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PubMed Clinical Q&A [Internet]. Bethesda (MD): National Center for Biotechnology Information (US); 2008-2013.

  • This publication is provided for historical reference only and the information may be out of date.

This publication is provided for historical reference only and the information may be out of date.

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PubMed Clinical Q&A [Internet].

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Comparing Drugs for Chronic Constipation

, MD.

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Chronic constipation is characterized by problems with bowel movements that last for at least 12 weeks. Problems include passing fewer than three bowel movements a week, straining during bowel movements, and lumpy or hard stool. If other gastrointestinal symptoms are present, such as bloating and abdominal pain, the constipation may be part of irritable bowel syndrome (IBS).

The management of constipation often begins with changes in diet (e.g. increase fluid intake), and behavior (e.g. use the bathroom at a specific time). Patients who do not respond to these changes are usually offered fiber supplements and simple laxatives. If the constipation persists and a specific cause cannot be found, many different drug options are available. However, despite constipation being a common problem, for which multiple drugs have been available for many years, the evidence for such treatments is largely missing.

The "Drug Class Review on Constipation Drugs" compares the safety and effectiveness of seven drugs used to treat chronic constipation in adults and children. A summary of the findings is below.

How do the drugs used to treat chronic constipation and irritable bowel syndrome with predominant constipation compare?

In adults, polyethylene glycol has been shown to be effective in the treatment of chronic constipation. Less evidence supports the efficacy of psyllium. The strongest evidence is for Tegaserod which has shown to be effective in not only chronic constipation in adults, but also constipation associated with irritable bowel syndrome in both adults and children. However, because of safety concerns, tegaserod is currently not available in the US. The evidence on lubiprostone has been published as abstracts only.

There is no evidence on the efficacy of docusate calcium, docusate sodium, and lactulose in treating chronic constipation in adults, and currently there are no studies on the general efficacy for the treatment of chronic constipation in children.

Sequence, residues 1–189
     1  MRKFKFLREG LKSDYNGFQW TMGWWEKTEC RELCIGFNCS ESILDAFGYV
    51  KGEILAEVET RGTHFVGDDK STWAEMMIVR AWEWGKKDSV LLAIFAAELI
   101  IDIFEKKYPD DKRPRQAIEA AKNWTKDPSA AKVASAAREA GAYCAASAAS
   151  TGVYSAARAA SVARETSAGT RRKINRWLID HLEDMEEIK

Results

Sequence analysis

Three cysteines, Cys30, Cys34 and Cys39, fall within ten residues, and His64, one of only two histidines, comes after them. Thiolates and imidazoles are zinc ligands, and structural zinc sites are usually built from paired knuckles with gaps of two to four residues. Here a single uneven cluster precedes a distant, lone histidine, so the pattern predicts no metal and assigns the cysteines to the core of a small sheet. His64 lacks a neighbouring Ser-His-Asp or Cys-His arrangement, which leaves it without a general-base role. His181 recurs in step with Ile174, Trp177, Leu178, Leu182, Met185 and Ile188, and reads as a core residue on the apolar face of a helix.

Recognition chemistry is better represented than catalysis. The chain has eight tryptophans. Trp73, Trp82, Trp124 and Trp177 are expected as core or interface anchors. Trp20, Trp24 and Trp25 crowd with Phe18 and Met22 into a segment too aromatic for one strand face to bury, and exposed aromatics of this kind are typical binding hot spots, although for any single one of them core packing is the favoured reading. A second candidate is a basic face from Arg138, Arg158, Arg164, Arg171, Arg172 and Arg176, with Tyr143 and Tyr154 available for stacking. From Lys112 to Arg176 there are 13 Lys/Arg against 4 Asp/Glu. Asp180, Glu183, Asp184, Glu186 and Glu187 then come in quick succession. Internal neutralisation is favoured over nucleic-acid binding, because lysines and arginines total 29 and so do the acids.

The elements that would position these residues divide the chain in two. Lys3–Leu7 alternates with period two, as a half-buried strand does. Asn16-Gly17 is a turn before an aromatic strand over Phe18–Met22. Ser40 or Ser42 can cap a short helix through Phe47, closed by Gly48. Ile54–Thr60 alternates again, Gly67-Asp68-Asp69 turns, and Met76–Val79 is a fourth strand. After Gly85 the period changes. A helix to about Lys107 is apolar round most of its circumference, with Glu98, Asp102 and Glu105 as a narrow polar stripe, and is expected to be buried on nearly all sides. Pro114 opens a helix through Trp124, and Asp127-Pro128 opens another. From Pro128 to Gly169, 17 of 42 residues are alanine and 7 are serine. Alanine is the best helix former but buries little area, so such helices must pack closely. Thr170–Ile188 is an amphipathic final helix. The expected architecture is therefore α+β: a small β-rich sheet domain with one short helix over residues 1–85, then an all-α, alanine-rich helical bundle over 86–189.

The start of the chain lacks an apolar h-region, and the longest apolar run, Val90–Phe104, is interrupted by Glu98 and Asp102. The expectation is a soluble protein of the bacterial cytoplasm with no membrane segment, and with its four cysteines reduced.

The evidence comparing the efficacy of two drugs is sparse and fraught with methodological limitations. Results indicate that polyethylene glycol is more effective than lactulose in adults and children and more than psyllium in adults. Docusate sodium had efficacy similar to psyllium in adult patients.

No studies exist on the efficacy of docusate calcium, docusate sodium, lactulose, polyethylene glycol, and psyllium for the treatment of irritable bowel syndrome. [full review]

Does treatment duration influence the effectiveness of drugs used to treat chronic constipation?

Currently there is not enough evidence to determine whether the duration of treatment influences the effectiveness of treatment, or at which point a treatment should be changed in a patient not responding to a drug.

Studies lasted from 2 to 12 weeks, the effectiveness of treatments was similar between the shorter and longer trials, and none of the trials addressed the question of when to switch therapies in non-responders. [full review]

How do the drugs used to treat chronic constipation compare in terms of safety?

Overall, the quality of the evidence is poor and available for only a few of the drugs reviewed, and should be interpreted with caution.

In adults with chronic constipation, or chronic constipation associated with irritable bowel syndrome, both polyethylene glycol and psyllium were well tolerated with no significant difference in adverse events. When both drugs were compared to lactulose, polyethylene glycol had lower rates of flatus and abdominal pain but higher rates of diarrhea, whereas psyllium had lower rates of diarrhea but was less palatable.

Polyethylene glycol was reported to be well tolerated in children, the most common side effect being diarrhea. There is mixed evidence about differences of adverse events between lactulose and polyethylene glycol, but none of the events were severe. [full review]

Does age or ethnicity influence the safety of the drugs used to treat chronic constipation?

Evidence is either limited (lubiprostone) or unavailable (docusate calcium, docusate sodium, lactulose, lubiprostone, polyethylene glycol, psyllium or tegaserod) on whether gender, age, ethnicity or co-mordities influences the safety and efficacy of these drugs. [full review]

Drugs included in this review

Generic NameTrade Name
Docusate calciumDocusate calcium
Stool softener
Surfak Liquigels
DC Softgels
Docusate sodiumDocusate sodium
Stool softener
Regulan SS
Polyethylene glycol (PEG) 3350Glycolax
Psyllium (ispaghula)Metamucil
Natural Psyllium Fiber
Natural Fiber Laxative
Tegaserod maleate*Zelnorm

*Tegaserod was taken off the market in March 2007 because of an increased risk of cardiovascular events.

Further information

Image th-constip.jpgThis PubMed Clinical Q&A was reviewed by Gerald Gartlehner, MD, MPH.

For the full report and evidence tables, please see:
Gartlehner G, Jonas DE, Morgan LC, et al. Drug Class Review: Constipation Drugs: Final Report [Internet]. Portland (OR): Oregon Health & Science University; 2007 Sep. Available at: